On March 31, the adaptation of Jay Asher's novel 13 Reasons Why will premiere on Netflix. Katherine Langford stars as Hannah, a girl who leaves a series of messages detailing the reasons behind her decision to end her life, and the story is not your average YA entertainment. That's what makes it such a perfect fit for Netflix, which is known for shows that are a little out of the box in different ways. And though it's not a common story, executive producer Selena Gomez and other people behind the series said at a Netflix panel that they believe 13 Reasons Why will be relatable for viewers, which is why they worked so hard to bring it to the screen.
In fact, it's been a long time coming. Gomez and her mother Mandy Teefey are both producers on the series and when Teefey first read the book, she envisioned it as a feature film. She thought it could be a transitional project for her daughter after her time on the Disney Channel, but even as they continued to develop the project and Gomez aged out of playing Hannah herself, they stayed on board.
"A lot of people in the industry were afraid to touch this issue," Teefey said. "One of our concerns is we didn't want it to come out as a PSA because kids who are actual bullies would not tune in to watch a PSA or a documentary." But since it's geared at teens, it can teach without lecturing, which, in my opinion, is usually the best way to learn or absorb anything.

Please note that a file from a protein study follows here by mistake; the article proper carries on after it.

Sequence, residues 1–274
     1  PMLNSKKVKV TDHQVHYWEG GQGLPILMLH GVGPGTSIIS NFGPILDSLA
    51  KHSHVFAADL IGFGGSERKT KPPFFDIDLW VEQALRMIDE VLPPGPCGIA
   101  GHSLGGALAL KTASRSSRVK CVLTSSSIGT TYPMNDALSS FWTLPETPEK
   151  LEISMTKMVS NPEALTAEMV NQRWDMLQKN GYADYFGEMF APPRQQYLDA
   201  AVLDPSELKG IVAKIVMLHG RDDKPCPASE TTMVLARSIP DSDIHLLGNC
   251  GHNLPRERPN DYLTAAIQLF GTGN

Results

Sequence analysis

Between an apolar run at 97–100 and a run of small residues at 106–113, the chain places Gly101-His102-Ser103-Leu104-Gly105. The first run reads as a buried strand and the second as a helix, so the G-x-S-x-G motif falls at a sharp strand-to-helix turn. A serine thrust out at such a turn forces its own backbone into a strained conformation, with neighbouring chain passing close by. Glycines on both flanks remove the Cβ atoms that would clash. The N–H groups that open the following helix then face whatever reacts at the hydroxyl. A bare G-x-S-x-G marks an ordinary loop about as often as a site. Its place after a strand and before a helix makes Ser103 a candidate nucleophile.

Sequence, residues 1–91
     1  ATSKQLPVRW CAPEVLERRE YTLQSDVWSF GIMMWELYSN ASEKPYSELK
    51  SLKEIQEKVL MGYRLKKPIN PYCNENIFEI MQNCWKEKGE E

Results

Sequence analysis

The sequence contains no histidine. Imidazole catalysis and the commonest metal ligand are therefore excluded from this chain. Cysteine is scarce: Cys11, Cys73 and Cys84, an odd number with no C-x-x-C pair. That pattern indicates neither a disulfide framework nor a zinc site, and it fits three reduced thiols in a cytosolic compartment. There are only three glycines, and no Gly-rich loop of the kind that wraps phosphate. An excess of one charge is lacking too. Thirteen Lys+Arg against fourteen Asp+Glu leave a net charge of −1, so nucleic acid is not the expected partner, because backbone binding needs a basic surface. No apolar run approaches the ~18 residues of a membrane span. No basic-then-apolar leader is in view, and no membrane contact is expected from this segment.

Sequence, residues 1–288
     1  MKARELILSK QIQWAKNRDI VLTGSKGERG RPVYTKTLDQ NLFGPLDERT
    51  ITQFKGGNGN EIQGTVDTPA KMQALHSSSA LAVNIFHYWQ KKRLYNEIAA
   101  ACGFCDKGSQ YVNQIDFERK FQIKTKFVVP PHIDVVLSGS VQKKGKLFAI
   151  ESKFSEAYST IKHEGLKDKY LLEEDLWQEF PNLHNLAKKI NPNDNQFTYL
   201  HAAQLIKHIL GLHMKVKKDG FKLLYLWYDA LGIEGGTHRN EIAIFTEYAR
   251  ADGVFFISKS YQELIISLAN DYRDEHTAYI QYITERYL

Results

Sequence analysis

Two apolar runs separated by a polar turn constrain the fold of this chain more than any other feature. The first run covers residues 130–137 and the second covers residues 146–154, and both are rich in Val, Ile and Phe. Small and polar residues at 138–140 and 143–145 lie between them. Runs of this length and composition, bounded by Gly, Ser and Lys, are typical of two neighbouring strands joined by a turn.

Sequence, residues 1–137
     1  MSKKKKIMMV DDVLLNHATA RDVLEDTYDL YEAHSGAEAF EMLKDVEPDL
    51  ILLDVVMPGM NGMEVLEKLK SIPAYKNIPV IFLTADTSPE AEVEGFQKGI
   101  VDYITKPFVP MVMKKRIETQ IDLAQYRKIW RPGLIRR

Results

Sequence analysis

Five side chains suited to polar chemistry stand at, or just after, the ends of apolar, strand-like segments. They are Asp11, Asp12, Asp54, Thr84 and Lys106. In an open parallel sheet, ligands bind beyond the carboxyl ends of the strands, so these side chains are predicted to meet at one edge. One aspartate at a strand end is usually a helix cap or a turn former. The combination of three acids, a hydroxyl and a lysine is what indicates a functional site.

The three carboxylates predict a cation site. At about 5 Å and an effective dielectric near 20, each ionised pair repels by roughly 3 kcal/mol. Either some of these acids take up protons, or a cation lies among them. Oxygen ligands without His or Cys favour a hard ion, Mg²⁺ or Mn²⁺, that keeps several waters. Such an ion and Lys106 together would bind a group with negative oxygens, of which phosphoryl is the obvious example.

Teefey wondered if the series would actually be harder for parents to watch, and creator Brian Yorkey said, "We're not going to shy away from it ... We're not going to be delicate about the very, very brutal things to watch." The central question of the novel revolves around not just Hannah's life, but how many secrets one high school has and, as he said, "which, as we all know, is a lot."
The fact that 13 Reasons Why is now a full 13-episode series contributes to its ability to really delve and tell that story. "I think it was just a great idea to deliver it that way," said Tom McCarthy, who directed several episodes. "Brian's concept for the show was so smart and really allowed us to have all these varying textures. Humor and drama side by side. The quirky, weird things that make high school so enjoyable, and the deeply tragic and difficult things that makes high school so difficult. We had the space to really explore that."
Characters who weren't as prominently featured in the book (and surely would be left out of a feature film) have their space on the show as well. "We're all aligned in the idea of making a show where young people could really reach up to," McCarthy said. "I think that was the term we kept coming back to. Something that felt sophisticated, and elegant, and real, and honest."
And yes, that means 13 Reasons Why is a dark series. These things are "difficult to talk about in first person," as Yorkey put it, but that's what makes art and storytelling so great.
Gomez herself discussed the importance of art being relatable as a person who has grown up in the public eye with a lot of transparency. She's glad that she has fans who feel comfortable sharing their stories with her because she's so open as an artist. "I've had to deal with it on a different scale," she said, speaking of her own teenage experience. "It definitely hits home."